Comments: The Rise of INOCs
- John Donnelly (JPT Editor)
- Document ID
- Society of Petroleum Engineers
- Journal of Petroleum Technology
- Publication Date
- May 2006
- Document Type
- Journal Paper
- 14 - 14
- 2006. Society of Petroleum Engineers
- 1 in the last 30 days
- 21 since 2007
- Show more detail
- View rights & permissions
|SPE Member Price:||Free|
|SPE Non-Member Price:||USD 2.00|
The value of transactions in the oil and gas industry last year more than doubled from 2004, the most activity since the corporate megamergers of 1998–99. And some of the most active players were the formerly stodgy national oil companies (NOCs). Gazprom’s U.S. $13 billion takeover of Sibneft and China Natl. Petroleum Corp.’s $3.9 billion buyout of PetroKazakhstan were two of the largest deals that took place last year, according to consultancy John S. Herold, and China Natl. Offshore Oil Corp.’s unsuccessful $18.5 billion bid for Unocal also made headlines. There was a threefold increase in NOC international merger and acquisition activity last year, according to Herold.
Times have changed for state-owned enterprises. Most were founded to ensure national energy independence for their countries and have been major employers as well as major funders of government coffers. Now, it is just as likely to see NOCs competing head to head against the majors for prized acreage or for other companies. Some analysts have begun calling these more aggressive state-owned firms international national oil companies (INOCs). The industry is more internationalized, and state companies have become more adept at using technology. States are also concerned about security of supply.
The shift of technology ownership from operators to service companies over the past decade and firmer oil prices—which has lessened the need for external financing of some big projects—also have played a role, according to the Accenture consulting firm. Accenture interviewed the senior leaders of 10 NOCs about their objectives. All were interested in growth opportunities, but each had their own distinct priorities, often reflective of their government’s policies. All indicated a desire to investigate deals beyond the typical production-sharing or joint-venture contract that, up to now, has been a mainstay of NOC business partnerships.
The consequences for the private international oil companies (IOCs)—and the future global energy market—are huge. This new competition is driving up bid prices and pinching returns for private companies’ international projects. And the majors are increasingly looking for oil outside mature provinces in places where state enterprises dominate the landscape.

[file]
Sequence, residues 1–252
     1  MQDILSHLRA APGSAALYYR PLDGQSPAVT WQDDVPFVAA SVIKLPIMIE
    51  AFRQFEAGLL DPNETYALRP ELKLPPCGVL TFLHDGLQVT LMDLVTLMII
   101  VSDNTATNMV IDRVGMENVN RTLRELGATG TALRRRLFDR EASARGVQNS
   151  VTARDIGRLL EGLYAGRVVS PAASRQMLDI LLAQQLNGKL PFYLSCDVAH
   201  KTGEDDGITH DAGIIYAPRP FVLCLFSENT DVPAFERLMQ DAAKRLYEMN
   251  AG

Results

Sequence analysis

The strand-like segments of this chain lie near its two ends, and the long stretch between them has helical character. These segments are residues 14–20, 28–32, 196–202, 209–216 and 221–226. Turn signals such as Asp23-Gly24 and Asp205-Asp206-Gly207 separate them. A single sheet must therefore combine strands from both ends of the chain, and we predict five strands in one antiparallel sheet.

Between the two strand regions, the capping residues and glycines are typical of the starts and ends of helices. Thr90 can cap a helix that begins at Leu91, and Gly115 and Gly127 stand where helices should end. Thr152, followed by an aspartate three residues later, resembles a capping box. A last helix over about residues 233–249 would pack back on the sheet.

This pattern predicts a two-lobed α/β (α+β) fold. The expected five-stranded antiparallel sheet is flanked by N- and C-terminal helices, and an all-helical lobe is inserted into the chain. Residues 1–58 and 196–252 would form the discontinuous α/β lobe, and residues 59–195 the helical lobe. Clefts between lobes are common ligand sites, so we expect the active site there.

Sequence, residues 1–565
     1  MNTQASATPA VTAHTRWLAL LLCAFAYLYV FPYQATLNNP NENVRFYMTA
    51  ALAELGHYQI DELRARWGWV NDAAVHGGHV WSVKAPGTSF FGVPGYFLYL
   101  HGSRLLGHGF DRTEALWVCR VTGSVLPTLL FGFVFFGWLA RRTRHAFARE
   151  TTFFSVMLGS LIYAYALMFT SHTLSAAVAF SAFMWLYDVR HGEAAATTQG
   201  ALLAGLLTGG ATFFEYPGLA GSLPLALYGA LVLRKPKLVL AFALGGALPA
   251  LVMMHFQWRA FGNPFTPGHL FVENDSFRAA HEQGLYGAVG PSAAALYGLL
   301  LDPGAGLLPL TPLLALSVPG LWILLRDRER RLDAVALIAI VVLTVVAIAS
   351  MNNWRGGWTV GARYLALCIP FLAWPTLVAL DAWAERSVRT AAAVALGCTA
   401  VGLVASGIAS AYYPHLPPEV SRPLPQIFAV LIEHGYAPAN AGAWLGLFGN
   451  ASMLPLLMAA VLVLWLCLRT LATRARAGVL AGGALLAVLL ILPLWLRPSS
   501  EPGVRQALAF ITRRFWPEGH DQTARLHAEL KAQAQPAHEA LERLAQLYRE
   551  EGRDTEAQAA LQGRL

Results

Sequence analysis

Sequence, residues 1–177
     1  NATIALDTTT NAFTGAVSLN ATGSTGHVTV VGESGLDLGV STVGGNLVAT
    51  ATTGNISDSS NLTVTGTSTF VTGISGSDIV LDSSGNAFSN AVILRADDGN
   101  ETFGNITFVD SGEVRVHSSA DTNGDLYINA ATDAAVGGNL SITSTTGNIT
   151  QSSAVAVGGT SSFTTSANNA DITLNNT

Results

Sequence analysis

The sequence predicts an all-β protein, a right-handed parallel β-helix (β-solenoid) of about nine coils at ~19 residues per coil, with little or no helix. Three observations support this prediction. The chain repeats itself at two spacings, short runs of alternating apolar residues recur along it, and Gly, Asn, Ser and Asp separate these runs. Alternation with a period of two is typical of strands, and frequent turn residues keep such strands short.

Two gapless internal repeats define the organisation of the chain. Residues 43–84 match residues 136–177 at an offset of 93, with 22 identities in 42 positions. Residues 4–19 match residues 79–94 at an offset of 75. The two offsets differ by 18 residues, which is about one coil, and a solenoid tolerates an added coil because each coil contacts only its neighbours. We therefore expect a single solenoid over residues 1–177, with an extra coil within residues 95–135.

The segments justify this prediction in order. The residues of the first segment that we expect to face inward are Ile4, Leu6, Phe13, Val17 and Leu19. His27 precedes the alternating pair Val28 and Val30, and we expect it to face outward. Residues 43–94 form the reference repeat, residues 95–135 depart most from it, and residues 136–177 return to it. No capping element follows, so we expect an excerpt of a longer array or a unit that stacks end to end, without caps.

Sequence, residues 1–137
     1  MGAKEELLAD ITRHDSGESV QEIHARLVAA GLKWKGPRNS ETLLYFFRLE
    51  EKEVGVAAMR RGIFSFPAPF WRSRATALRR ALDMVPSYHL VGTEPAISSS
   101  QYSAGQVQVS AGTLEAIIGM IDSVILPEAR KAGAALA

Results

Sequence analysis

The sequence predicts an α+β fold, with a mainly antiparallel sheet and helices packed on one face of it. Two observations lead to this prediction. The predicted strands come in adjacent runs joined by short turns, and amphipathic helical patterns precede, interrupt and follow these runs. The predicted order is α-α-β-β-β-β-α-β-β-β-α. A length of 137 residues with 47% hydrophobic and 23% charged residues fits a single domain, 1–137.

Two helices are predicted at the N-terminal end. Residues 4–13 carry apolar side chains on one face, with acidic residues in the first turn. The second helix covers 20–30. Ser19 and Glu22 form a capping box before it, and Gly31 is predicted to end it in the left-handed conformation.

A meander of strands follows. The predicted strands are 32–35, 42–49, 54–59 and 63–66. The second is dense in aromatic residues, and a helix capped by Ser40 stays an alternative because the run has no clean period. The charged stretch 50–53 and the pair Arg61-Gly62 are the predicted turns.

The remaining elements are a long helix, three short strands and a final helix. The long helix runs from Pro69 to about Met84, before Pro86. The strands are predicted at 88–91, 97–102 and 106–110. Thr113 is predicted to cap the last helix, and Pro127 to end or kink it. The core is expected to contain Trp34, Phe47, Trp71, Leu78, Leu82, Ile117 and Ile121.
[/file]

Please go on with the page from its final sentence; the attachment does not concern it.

Relationships between NOCs are becoming more strategic and longer term as dealings between IOCs and NOCs are becoming more transactional, the Accenture report concluded. NOCs working together make a formidable bidder for projects. China Natl. Petroleum Corp., Lukoil, Uzbekneftegaz, Petronas, and Korea Natl. Oil Corp., for instance, recently joined forces to develop gas fields in Uzbekistan. Often, an NOC and its host government would prefer to work with another NOC, particularly if the countries have similar geopolitical interests.
In a recent speech in Singapore, BP Chief Executive Officer (CEO) John Browne pointed out that eight of the 10 largest oil companies in the world are state-owned. “Those state companies control huge resources, far more in total than all the private-sector companies put together,” he said. Since 2003, more than half of all reserves sales have been to state companies, he said.
To participate in this new competitive climate, private companies will have to bring value to the table, Browne said—namely, “the ability to access and apply knowledge very rapidly on a global scale.” That means technology and the skill to apply it. His contemporary, Jeroen van der Veer, Chief Executive of Royal Dutch Shell, agrees. “National and international companies have complementary strengths, and our relationship will be vital for the future,” he said at a recent Houston energy gathering. Several NOC leaders in the Accenture study mentioned that they are envious of IOCs’ downstream assets and technology.
While NOCs may appear to have an advantage over their private counterparts, they also have the burden of satisfying their government’s financial needs. In the future, IOCs and NOCs may pursue mergers with each other, particularly if the size and scope of energy projects become burdensome. IOCs and NOCs certainly should consider pursuing joint ventures outside the host country and looking at ways of developing partnerships across the value chain, Marathon CEO Clarence Cazalot said recently. The bottom line is that IOCs need the resources the NOCs control, and NOCs need the technological expertise of private companies, he said.
|File Size||74 KB||Number of Pages||1|